Lost Some, Found Much – A Trip without My Luggage
Dedicated to my luggage: Tere jaane ka asar kuch aisa hua mujh par... Tujhe dhoondte dhoondte, maine khud ko paa liya. – Anonymous
Travelling, especially in Europe, a continent I adore, is one of my biggest stress-busters. Whenever I embark on a journey, despite having ‘seasoned traveler’ stamped all over me, I get this toe curling tingle of excitement much like a child who is venturing onto the beach, with its soft squishy sand and gently lapping waves, for the first time. However, I was especially looking forward to this journey for it had the added bonus of my family accompanying me – HD (husband dearest) and my son.
We landed at the airport in the morning hours, the European sun seemed to have languidly opened its eyes, and its nascent rays nonchalantly caressed our cheeks in welcome as we walked past the aircrafts.
As usual, I had a tiny hand bag with me, since I hate having to carry any weight and prefer off-loading all baggage (real and emotional) onto places intended for them – the cargo of a plane or of the past! Just a few things from here and there to keep me going in case of emergencies, while everything else lay restfully in my check-in baggage.
While Sanjay and Siddharth lunged for their luggage one at a time, I waited patiently for my stuff, which invariably is always the last bag to arrive on the conveyer belt. But this time the river of luggage kept narrowing till it trickled down to a stream and then nothing! I realized my luggage was most likely misplaced or worse – lost!
Believe me when I say, no matter how relaxed or ready you are to carpe diem, losing your luggage on a vacation is a terrible trauma to say the least. The first day of my long-awaited vacation and all I could do was stare at my tiny hand luggage that didn’t even have enough for a minimalist’s version of a single day, let alone an entire holiday.
Given the choice of things in my hand luggage, I couldn’t really count on my chances for getting an invitation from Bear Grylls. With much reluctance and loathing I pulled out that one boring and non-crinkling dress that I had packed and somehow managed for the day.
Nonetheless the night was a laughter riot session. And why wouldn’t it be, I was quite literally the woman who wore her MAN’S PANTS because obviously I had nothing to wear for the night.
For a second it felt like being the baby bear in the family, who loves to try on his daddy’s clothes. HD is at least a foot taller (and wider) than me! But despite all, it was very comforting to sleep in his shirt, feeling cuddled and cozy.
The second day was no less than an abomination – I had to repeat the same dress that I had worn just a day earlier. Not something you want to do on a holiday- which as we all know is supposed to be an endless array of photographable moments for social media.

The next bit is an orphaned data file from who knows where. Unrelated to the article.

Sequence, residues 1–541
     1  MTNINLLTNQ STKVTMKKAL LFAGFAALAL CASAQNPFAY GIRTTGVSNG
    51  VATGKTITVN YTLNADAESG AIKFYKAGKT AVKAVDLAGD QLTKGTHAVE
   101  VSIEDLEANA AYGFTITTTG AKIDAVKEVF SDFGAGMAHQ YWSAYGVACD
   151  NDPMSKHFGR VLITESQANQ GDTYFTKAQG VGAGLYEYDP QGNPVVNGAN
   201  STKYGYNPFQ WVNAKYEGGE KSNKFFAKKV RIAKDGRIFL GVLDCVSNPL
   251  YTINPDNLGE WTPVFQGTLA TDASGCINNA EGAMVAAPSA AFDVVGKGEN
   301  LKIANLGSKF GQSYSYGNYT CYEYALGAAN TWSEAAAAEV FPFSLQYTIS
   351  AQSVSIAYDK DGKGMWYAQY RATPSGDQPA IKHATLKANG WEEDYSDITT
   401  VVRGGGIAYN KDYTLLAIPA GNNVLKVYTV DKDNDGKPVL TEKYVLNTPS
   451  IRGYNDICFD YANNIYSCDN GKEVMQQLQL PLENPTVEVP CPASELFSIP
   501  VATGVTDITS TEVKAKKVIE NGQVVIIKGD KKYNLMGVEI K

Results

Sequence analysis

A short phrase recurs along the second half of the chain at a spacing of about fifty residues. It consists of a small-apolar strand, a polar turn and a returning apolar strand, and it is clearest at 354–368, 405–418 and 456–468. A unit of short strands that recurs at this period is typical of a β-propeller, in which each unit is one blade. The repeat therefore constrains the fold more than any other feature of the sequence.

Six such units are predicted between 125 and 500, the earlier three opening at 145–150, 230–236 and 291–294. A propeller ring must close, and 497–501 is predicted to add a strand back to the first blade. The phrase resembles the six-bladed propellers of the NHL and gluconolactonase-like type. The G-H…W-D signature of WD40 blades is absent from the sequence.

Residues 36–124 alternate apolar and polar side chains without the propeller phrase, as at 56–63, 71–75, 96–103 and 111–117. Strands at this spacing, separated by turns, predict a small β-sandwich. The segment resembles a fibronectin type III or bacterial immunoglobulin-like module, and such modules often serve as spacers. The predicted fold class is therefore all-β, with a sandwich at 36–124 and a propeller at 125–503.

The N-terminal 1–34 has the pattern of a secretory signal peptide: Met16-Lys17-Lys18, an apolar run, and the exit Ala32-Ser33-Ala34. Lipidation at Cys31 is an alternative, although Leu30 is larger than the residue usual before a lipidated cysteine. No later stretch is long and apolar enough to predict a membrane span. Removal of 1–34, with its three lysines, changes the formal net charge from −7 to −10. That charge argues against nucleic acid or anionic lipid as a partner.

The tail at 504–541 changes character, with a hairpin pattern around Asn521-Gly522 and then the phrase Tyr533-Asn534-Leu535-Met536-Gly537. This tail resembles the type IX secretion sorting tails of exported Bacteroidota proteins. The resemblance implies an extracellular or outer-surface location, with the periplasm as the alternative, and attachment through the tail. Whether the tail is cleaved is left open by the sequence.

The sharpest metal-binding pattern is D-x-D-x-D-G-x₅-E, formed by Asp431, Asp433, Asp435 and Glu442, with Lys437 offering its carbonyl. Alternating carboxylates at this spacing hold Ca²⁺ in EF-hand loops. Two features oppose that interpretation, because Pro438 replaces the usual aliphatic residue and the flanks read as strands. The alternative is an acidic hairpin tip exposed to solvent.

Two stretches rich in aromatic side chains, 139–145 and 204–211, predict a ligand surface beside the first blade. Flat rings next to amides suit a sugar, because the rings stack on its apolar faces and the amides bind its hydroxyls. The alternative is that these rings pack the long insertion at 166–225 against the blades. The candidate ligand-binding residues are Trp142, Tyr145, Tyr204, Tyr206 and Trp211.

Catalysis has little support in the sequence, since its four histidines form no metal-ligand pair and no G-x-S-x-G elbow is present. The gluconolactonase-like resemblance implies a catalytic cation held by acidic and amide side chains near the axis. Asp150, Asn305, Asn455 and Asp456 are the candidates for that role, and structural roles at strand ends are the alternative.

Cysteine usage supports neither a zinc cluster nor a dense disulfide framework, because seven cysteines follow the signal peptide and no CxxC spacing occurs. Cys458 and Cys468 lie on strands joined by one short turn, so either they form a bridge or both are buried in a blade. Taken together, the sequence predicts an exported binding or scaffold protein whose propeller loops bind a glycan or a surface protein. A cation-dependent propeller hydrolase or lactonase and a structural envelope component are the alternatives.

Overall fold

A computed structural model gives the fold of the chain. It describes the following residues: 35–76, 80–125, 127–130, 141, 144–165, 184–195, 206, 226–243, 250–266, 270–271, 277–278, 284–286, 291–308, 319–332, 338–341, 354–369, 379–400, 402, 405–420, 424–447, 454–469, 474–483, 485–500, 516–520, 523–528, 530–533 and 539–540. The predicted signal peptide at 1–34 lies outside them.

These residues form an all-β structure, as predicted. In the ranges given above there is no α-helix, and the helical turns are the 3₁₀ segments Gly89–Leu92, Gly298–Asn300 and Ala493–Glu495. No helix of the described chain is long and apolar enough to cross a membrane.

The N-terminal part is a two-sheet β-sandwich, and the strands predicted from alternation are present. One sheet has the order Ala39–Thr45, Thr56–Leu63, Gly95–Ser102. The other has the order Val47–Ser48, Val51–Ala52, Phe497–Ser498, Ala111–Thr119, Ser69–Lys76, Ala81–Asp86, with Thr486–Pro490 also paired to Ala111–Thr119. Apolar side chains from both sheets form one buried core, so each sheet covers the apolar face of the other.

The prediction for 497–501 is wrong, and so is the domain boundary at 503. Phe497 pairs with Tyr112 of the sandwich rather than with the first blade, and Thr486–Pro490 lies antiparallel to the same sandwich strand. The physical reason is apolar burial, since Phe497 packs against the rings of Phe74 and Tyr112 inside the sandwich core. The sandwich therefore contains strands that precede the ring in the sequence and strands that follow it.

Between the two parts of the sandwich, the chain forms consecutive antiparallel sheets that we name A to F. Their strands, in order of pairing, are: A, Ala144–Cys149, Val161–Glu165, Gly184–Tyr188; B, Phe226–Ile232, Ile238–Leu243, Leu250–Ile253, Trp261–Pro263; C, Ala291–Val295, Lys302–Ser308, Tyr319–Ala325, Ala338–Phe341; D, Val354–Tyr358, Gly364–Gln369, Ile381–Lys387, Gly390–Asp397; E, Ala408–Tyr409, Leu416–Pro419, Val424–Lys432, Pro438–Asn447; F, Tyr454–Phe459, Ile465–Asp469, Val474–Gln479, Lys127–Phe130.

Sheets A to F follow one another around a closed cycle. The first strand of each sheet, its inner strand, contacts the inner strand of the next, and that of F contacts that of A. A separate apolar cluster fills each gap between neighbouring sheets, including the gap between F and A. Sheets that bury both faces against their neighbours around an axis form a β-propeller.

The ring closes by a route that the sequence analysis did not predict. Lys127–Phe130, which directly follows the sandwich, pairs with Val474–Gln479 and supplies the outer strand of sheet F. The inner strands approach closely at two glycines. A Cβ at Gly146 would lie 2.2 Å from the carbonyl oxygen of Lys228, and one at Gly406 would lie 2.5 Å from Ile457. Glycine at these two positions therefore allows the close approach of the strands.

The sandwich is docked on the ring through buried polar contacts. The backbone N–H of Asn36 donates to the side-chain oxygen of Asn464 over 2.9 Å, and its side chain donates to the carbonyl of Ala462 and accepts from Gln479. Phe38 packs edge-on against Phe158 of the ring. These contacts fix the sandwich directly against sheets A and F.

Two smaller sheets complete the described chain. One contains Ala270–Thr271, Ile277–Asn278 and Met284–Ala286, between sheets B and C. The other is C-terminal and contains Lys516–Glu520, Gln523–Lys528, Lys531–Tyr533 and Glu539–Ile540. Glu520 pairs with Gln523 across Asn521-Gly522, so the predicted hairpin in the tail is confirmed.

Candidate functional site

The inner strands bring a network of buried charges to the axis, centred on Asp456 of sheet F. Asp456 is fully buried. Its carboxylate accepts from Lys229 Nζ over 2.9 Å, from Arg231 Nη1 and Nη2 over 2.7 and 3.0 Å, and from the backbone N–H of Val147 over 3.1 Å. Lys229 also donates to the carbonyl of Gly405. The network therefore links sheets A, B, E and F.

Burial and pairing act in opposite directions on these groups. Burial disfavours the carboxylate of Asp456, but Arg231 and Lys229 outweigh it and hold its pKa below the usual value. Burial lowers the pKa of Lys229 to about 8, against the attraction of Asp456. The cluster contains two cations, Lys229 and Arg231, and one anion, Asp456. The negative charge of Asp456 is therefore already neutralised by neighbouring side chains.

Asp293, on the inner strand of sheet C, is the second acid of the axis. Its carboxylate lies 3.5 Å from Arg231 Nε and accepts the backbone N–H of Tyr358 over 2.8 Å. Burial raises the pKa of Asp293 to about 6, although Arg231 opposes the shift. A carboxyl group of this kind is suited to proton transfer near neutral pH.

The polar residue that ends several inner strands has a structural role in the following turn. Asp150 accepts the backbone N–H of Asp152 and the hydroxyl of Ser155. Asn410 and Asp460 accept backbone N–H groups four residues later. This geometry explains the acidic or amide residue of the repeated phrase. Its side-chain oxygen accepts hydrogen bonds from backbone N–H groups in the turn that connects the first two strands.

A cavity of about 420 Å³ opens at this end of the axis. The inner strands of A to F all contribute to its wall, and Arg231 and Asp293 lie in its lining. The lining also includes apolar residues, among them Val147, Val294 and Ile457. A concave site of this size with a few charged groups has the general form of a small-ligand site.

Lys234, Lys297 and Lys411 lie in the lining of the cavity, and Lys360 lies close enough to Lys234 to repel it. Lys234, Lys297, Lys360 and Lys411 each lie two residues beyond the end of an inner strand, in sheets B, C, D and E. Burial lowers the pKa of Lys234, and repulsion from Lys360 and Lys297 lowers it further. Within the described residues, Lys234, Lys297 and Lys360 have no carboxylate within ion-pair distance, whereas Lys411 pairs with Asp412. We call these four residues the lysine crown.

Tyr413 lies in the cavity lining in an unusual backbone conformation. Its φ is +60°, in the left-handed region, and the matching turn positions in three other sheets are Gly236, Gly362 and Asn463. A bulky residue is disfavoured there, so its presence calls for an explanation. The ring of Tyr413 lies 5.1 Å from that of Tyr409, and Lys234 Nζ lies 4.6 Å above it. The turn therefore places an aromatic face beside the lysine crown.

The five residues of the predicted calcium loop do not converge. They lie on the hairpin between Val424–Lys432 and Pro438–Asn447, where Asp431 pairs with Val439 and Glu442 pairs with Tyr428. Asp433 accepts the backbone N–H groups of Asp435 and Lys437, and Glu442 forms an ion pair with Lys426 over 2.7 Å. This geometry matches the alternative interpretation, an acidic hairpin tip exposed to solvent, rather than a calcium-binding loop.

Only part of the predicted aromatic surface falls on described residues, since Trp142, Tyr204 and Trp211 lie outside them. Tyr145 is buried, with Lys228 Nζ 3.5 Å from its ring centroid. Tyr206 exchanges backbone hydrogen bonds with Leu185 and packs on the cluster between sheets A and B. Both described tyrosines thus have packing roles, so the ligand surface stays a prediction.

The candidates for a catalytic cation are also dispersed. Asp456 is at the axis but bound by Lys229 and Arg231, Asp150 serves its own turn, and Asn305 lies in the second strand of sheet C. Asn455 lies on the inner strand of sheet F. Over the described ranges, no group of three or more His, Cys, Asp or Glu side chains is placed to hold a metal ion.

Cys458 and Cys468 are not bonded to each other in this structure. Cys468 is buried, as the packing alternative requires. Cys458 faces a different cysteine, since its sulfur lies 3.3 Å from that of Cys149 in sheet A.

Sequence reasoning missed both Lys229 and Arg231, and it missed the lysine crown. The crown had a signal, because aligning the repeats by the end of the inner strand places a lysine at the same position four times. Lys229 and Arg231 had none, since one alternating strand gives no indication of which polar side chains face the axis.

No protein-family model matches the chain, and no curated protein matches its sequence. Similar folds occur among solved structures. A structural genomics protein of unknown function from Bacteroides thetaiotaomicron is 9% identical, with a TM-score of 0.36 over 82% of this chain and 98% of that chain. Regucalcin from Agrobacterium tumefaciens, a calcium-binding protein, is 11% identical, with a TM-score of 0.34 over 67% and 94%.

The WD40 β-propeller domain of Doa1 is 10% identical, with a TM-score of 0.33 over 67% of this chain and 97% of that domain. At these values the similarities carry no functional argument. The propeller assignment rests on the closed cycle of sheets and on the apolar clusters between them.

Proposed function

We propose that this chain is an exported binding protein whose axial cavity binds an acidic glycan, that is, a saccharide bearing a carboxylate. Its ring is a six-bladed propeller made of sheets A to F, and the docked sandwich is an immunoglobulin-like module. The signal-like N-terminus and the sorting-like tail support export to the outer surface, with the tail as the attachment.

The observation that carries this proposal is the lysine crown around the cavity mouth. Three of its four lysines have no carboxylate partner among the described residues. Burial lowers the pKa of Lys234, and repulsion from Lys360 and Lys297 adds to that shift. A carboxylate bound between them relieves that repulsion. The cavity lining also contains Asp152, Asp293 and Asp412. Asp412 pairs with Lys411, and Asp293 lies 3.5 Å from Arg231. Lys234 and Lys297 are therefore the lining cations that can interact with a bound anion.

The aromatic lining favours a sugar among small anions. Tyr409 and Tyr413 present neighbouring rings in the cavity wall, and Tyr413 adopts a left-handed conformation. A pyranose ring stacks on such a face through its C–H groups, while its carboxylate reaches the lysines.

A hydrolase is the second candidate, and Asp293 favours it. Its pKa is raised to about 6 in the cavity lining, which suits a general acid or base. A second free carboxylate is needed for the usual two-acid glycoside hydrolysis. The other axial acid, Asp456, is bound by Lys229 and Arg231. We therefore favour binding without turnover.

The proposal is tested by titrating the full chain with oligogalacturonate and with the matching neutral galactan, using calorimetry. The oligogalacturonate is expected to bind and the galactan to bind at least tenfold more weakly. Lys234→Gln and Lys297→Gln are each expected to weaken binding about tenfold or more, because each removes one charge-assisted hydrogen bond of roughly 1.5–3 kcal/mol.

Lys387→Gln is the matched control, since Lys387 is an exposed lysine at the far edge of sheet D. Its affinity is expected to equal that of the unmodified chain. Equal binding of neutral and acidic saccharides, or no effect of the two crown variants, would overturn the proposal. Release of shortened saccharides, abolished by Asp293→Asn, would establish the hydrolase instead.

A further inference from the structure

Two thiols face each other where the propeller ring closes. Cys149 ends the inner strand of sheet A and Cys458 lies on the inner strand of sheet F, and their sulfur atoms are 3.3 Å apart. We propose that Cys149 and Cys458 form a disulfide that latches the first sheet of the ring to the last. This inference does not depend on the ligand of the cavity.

But as the days morphed one delightful moment into another whilst my errant luggage remained errant, and it didn’t reduce the fun we were having even by a fraction, some home truths dawned on me, viz;
• How little one needs to actually survive – Quite a la Jack Reacher, the protagonist in Lee Child‘s books, a much decorated war veteran roaming the US of A righting wrongs with just a tooth-brush in his pocket! He has only one set of clothes which he wears and then throws every few days into the dustbin and then buys another replicate set. That’s all he requires and is content to own!
• How simple life becomes when you have no possessions – For the next few days I wasted absolutely no time in deciding what to wear or what to match and mix. I didn’t need to deliberate on the appropriateness of the occasion or where to store my clothes in the hotel room. I could finally shun the shackles of societal pressure to look appropriately (and differently) clad all the time! There were no choices to ponder over and life became all the more simpler, easier and restful as a consequence.
• Everything I had deemed essential was actually superfluous – The stoles and scarves, the extra shoes, the perfume, foundation and night cream which I wouldn’t have normally dreamt about doing without – I managed beautifully to do without!
• When you don’t have external accouterments you actually become clearer about the essential you – The holiday had effortlessly shifted from what I wore, to what I did and how I enjoyed the day. Clothes didn’t matter in the long walks we took and the family fun we had. I was more involved with my family than with myself and what joy that was. As someone has rightly said “all what matters is what’s inside you”.
Albeit it began with a shock therapy, the trip ended up being a journey of enlightenment. It pushed me to introspect on how truly liberating it is to be in your true skin. Edmond Mbiaka said “Never get tired of being your true original self. You are too special to be anything other than a reflection of your true identity.” A luggage-less me endorses that totally!